“I believed all along – and it finally happened – that when you’re a good club, at some point you’re gonna play really good.”
Sparky couldn’t have said it better.
The waiting game
Leyland’s challenge now is to shake off the afterglow of the Yankees sweep in the American League Championship Series and keep the team sharp until Wednesday’s World Series Game 1 – in St. Louis or San Francisco. The Tigers will play against minor leaguers to retain at least the muscle memory of live action. Nothing can recreate the atmosphere.
“It’s still hard to believe,” Leyland said of the four-game elimination of New York – a series in which the Tigers never trailed, and, with the exception of Jose Valverde’s two-homer, ninth-inning meltdown in Game 1, only gave up two runs.
“I thought there were two really important games in that series,” Leyland said. “The first game, obviously, where we blew the lead, then we came back and took the game away from them. I think that stung them a little bit.
“And then I think the other game, the big emotional game, was getting the first game in Detroit. We had (Justin) Verlander going, he was gonna be pumped up, the crowd was gonna be pumped up. I was real nervous for that game…. You’re supposed to win, everybody’s excited, sometimes it doesn’t work out.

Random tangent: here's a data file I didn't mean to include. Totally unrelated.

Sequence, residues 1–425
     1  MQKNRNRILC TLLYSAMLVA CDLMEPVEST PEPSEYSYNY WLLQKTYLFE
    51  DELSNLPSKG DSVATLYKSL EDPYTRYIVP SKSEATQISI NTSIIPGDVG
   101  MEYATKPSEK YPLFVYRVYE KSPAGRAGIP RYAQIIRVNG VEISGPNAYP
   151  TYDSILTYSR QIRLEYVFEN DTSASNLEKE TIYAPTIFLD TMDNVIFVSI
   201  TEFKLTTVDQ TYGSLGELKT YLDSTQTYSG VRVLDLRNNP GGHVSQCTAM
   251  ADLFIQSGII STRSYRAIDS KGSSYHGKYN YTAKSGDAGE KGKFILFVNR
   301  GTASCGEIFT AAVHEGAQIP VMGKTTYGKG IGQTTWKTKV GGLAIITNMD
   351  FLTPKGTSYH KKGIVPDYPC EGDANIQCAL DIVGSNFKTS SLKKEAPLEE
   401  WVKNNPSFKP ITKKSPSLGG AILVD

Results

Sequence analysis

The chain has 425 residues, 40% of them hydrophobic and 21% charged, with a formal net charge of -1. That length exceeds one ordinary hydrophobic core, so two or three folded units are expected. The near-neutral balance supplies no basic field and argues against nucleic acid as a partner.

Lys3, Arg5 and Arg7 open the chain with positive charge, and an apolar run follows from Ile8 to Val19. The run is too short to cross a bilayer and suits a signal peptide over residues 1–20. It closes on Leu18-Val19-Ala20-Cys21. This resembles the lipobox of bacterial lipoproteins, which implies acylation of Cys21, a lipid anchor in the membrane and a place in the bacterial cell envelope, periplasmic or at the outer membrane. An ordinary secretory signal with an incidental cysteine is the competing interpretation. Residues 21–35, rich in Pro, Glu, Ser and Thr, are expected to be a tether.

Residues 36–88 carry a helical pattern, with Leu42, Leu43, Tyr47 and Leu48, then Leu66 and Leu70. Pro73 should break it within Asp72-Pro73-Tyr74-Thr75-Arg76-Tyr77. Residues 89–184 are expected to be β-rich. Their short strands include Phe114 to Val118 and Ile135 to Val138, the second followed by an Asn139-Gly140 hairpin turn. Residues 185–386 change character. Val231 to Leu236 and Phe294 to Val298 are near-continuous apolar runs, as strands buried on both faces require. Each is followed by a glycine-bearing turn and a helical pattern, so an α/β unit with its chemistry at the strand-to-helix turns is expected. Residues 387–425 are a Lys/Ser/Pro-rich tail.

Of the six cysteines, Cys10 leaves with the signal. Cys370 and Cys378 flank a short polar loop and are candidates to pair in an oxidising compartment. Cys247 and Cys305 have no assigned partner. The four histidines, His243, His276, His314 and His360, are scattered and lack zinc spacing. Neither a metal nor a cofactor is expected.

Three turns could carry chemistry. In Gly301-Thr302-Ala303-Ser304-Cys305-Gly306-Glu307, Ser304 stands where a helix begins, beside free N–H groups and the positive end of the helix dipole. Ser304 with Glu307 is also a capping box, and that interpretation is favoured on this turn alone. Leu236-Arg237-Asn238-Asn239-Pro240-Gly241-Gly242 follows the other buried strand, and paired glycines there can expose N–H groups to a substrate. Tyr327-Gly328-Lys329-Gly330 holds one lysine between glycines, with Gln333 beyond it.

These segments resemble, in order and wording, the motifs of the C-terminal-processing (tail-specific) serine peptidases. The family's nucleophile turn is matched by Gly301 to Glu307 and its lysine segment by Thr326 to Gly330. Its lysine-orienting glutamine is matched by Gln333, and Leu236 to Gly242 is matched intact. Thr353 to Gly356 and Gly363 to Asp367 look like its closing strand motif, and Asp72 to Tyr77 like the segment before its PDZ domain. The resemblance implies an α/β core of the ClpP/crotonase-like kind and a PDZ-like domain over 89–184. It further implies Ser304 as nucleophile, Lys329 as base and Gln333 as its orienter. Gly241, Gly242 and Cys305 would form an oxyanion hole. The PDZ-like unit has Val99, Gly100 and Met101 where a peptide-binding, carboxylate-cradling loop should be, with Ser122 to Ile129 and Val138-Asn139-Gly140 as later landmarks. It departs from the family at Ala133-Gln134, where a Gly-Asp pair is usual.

“But that one worked out perfectly.”
It’s easy to say you like Leyland now. It’s easy to say he has done a great job. But the fact is, like a tiger, he did not just paint on his stripes. The humility he showed in not crashing the players’ immediate celebration after winning Game 4? That’s always been there. The affection his players have for his leadership, and the dedication they show as a result? That’s always been there.
The shrugging perspective? The hard-earned philosophy? The stubborn instincts and honesty that lead him to say that sometimes it’s your lineup and sometimes it’s your relievers and sometimes, want to know the truth, it’s just a lucky bounce that gives you the victory? He didn’t develop that overnight.
And that lump in his throat? The now recognizable Jim Leyland choke-up?
That’s a lifetime in the making.
There’s no crying in baseball. But there’s no rule against wearing your heart on your sleeve.
“I do have an emotional side to me,” Leyland said. “I guess I’m embarrassed a little bit by it.”
Does your wife, Katie, encourage or discourage your tearing up?
“She understands,” he answered, his voice starting to choke again. “She married Jim Leyland.”
As did the Tigers and the city of Detroit seven years ago. You know what? It’s been a pretty good hitch.
Contact Mitch Albom: 313-223-4581 or firstname.lastname@example.org. Catch “The Mitch Albom Show” 5-7 p.m. weekdays on WJR-AM (760). Follow him on Twitter @mitchalbom. To read his recent columns, go to www.freep.com/mitch.